Note: For obvious reasons, the ability to arbitrarily change the value of a performance metric is not supported. Rather, the PMCS selectively allows some metrics to be modified in a very controlled fashion.

The basic syntax of the command is as follows:

pmstore metricname value

There are also command line flags to further specify the action. For example, the -i option restricts the change to one or more instances of the performance metric.

The value may be in one of several forms, according to the following rules:

  1. If the metric has an integer type, then value should consist of an optional leading hyphen, followed either by decimal digits or “0x” and some hexadecimal digits; “0X” is also acceptable instead of “0x.”

  2. If the metric has a floating point type, then value should be in the form of an integer (described above), a fixed point number, or a number in scientific notation.

  3. If the metric has a string type, then value is interpreted as a literal string of ASCII characters.

  4. If the metric has an aggregate type, then an attempt is made to interpret value as an integer, a floating point number, or a string. In the first two cases, the minimal word length encoding is used; for example, “123” would be interpreted as a four-byte aggregate, and “0x100000000” would be interpreted as an eight-byte aggregate.

The following example illustrates the use of pmstore to enable debugging of PMCD using the facilities of the pmcd PMDA. When the metric pmcd.control.debug has the value of 0, no debugging information is provided about PMCD. Storing values of 2048, 4096, or 8192 provides more debugging information which is written out to /var/adm/pcplog/pmcd.log as PMCD services responses from PMDAs configured and running on the system.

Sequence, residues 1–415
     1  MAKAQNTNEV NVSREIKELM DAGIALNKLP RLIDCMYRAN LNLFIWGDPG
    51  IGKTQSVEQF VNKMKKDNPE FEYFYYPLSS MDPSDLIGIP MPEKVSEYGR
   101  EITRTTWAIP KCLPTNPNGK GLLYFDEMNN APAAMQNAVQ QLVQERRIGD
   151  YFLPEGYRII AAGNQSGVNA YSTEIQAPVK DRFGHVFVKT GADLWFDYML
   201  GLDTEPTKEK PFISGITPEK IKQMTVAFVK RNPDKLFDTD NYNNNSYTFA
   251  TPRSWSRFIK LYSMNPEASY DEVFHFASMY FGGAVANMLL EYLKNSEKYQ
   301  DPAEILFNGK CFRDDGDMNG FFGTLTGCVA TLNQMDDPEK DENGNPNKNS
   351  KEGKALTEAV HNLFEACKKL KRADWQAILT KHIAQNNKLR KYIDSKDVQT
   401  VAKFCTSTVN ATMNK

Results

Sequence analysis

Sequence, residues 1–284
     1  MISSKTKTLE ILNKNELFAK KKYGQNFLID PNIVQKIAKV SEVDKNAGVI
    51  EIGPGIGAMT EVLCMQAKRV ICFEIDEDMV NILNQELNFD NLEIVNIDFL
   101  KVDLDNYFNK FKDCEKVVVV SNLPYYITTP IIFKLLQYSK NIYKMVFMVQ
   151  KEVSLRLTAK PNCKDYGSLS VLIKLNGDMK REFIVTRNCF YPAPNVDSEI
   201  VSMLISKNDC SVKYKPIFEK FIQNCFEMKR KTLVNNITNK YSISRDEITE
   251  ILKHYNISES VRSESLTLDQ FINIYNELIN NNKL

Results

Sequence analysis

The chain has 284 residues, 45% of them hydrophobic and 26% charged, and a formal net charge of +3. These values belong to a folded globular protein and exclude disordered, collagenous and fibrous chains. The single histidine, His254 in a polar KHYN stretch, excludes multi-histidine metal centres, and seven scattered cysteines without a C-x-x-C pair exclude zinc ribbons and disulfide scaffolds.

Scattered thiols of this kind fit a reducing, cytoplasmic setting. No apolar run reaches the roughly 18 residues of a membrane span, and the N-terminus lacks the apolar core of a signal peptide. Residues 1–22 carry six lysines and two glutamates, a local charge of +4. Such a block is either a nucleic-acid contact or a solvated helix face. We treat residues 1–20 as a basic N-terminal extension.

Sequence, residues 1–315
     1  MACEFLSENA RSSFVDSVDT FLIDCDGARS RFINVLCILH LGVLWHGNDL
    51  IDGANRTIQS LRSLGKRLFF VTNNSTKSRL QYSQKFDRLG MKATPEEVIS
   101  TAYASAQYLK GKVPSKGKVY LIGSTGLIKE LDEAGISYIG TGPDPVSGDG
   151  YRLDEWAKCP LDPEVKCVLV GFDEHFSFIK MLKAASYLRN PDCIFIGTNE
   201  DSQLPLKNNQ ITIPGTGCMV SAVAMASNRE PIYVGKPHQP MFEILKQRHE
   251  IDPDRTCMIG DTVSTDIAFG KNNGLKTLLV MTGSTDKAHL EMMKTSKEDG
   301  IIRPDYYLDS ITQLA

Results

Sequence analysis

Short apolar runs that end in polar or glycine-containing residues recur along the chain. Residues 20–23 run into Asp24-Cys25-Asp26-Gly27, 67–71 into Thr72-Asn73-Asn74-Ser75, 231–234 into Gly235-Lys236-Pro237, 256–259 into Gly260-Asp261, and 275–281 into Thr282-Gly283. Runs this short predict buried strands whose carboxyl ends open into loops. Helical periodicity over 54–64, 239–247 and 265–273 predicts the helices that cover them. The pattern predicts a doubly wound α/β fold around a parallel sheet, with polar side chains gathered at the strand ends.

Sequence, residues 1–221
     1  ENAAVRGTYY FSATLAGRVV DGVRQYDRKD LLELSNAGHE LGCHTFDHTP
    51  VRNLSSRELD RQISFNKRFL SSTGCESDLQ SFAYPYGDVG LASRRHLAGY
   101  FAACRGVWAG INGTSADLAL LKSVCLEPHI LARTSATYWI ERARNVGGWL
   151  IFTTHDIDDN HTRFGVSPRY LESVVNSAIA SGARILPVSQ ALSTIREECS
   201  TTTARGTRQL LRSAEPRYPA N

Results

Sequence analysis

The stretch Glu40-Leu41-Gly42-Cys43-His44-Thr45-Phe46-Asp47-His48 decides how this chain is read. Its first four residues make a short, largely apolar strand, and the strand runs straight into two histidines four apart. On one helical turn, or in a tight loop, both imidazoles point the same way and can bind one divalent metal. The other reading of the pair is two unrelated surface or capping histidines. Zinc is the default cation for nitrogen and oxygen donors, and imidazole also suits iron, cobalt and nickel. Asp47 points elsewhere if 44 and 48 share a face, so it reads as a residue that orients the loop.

% pminfo -f pmcd.control.debug
value 0
% pmstore  pmcd.control.debug 2048
pmcd.control.debug old value=0 new value=2048

If you watch the file /var/adm/pcplog/pmcd.log using the command:

% tail -f /var/adm/pcplog/pmcd.log

you will see PMCD sending debugging information about agent I/O connections to the log file. If no debugging output is evident (because PMCD is idle), you may need to use a client tool to request metrics from an agent in order to see PMCD in action:

% pminfo sample.seconds

To stop this debugging output, use the following command:

% pmstore  pmcd.control.debug 0
pmcd.control.debug old value=2048 new value=0

In this case, you will get debugging output relating to this operation as well.

For complete information on pmstore usage and syntax, see the pmstore(1) man page.

The oview Origin Visualization Tool

The oview tool displays the topology of SGI 3000 series and SGI 2000 series of systems with dynamic updates for performance information about CPUs, nodes, and routers. It behaves differently and produces different views for SGI 3000 series and SGI 2000 series of systems. See the oview(1) man page for details.

Figure 4-1 shows a view of an SGI 2000 series system as generated by the oview tool.

Figure 4-1. oview View of an SGI 2000 Series System

oview View of an SGI 2000 Series System

Figure 4-2 shows a view of an SGI 3000 series system. Systems with up-to 128 CPUs can be displayed.

Figure 4-2. oview View of an SGI 3000 Series System

oview View of an SGI 3000 Series System